Being assigned as your loved one’s executor doesn’t automatically mean that you have to fulfill that role. In fact, you have every right to turn it down. When you live in another state, you may find that it’s difficult to deal with the estate, probate and other issues, especially if the laws that apply are for a different state.
Being outside of your loved one’s estate when they pass doesn’t mean that you can’t take on the role, but if you’re not comfortable with it, then you are able to turn it down in most situations.
What happens if you decide not to be the executor of the estate?
If you decide that you would rather not be the executor of your loved one’s estate, you have the option of resigning. It is a time-consuming role, so it’s reasonable to want to turn down that role if you aren’t living locally or aren’t familiar with the rules in the other state.
If you determine that the role isn’t for you, then you can resign by contacting the court. You will need to file a written application with the court clerk and complete a verified exhibit and account of the estate before it is passed on to another representative’s care.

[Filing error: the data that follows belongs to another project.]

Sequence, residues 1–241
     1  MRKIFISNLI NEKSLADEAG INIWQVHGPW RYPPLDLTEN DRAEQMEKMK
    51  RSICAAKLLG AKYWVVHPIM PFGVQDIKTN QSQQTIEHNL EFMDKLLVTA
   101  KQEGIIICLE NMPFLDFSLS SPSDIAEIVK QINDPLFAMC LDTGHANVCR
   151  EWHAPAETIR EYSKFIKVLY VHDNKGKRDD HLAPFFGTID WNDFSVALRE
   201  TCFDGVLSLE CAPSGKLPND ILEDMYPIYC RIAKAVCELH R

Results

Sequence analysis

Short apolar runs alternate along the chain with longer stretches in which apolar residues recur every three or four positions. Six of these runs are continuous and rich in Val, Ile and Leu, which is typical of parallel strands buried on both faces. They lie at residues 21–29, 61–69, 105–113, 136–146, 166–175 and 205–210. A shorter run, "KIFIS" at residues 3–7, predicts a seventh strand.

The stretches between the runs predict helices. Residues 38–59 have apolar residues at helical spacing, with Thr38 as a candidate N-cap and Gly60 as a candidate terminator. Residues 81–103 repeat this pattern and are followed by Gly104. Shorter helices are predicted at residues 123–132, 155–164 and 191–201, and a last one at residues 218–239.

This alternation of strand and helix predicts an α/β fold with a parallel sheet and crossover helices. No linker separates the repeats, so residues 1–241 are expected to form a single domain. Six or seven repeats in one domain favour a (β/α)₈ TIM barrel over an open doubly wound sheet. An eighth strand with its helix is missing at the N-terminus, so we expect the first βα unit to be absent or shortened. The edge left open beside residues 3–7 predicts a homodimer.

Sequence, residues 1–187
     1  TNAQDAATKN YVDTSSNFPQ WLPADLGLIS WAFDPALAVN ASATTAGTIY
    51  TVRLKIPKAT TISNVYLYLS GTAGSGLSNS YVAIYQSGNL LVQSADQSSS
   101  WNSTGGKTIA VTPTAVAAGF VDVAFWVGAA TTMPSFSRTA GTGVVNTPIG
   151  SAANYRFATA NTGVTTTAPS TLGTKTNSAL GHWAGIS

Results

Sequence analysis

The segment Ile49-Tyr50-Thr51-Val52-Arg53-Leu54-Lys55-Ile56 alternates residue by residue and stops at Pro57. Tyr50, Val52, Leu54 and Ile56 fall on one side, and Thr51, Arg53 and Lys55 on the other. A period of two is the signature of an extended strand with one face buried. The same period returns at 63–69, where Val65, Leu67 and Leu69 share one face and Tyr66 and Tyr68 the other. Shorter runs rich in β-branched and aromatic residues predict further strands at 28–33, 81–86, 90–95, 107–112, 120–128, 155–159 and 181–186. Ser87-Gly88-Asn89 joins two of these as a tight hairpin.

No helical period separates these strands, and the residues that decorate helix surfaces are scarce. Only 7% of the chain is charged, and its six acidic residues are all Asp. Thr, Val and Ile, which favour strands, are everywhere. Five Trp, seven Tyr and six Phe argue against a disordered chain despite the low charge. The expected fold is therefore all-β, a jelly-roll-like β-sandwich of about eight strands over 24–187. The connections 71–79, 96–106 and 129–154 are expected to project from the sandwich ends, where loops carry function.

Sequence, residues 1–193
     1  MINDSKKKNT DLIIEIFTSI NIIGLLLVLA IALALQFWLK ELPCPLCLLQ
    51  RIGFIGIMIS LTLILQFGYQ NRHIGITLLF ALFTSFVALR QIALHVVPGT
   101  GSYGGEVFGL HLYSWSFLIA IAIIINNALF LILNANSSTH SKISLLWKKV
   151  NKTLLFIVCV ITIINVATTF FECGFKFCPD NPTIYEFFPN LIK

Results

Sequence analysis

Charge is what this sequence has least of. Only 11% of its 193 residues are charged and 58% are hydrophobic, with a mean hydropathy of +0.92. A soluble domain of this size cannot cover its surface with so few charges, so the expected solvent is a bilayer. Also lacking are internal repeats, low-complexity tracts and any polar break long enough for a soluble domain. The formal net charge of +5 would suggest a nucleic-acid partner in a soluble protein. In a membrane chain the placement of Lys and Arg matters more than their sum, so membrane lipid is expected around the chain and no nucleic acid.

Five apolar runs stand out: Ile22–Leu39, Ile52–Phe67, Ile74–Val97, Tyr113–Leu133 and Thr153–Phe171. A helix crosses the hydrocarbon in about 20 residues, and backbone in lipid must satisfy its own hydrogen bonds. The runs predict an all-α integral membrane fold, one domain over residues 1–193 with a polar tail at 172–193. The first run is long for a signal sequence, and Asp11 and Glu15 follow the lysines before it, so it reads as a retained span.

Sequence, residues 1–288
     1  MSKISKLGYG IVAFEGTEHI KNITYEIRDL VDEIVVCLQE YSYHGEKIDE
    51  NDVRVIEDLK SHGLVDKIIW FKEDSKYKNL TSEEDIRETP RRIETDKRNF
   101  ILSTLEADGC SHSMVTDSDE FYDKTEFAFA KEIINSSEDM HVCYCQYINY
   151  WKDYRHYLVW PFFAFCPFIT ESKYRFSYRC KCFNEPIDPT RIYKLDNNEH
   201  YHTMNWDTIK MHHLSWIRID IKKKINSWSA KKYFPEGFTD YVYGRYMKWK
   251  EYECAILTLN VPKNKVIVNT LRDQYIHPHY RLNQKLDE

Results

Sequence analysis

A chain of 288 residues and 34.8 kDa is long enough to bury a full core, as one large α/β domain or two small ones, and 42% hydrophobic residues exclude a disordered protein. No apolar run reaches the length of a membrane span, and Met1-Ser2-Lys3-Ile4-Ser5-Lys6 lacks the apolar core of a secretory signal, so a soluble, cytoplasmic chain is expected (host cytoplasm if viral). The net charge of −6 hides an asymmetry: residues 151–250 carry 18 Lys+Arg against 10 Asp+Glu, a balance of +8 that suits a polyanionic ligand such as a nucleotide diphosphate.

Is it normal for people to decide not to take on the role of an executor due to many reasons. You might decide that you don’t have enough time or may feel overwhelmed due to the death of a person you cared about. It’s your choice to represent and take care of the estate or not.
If you decide to take on the role, should you work with an attorney?
It’s not a bad idea to consider working with an attorney if you’re the executor of an estate that is in another state. State laws do vary, so you’ll want to be aware of any differences that may affect the estate. It may also be helpful to have someone in the state handling some of the affairs so that you can be sure that you have local support when it’s needed.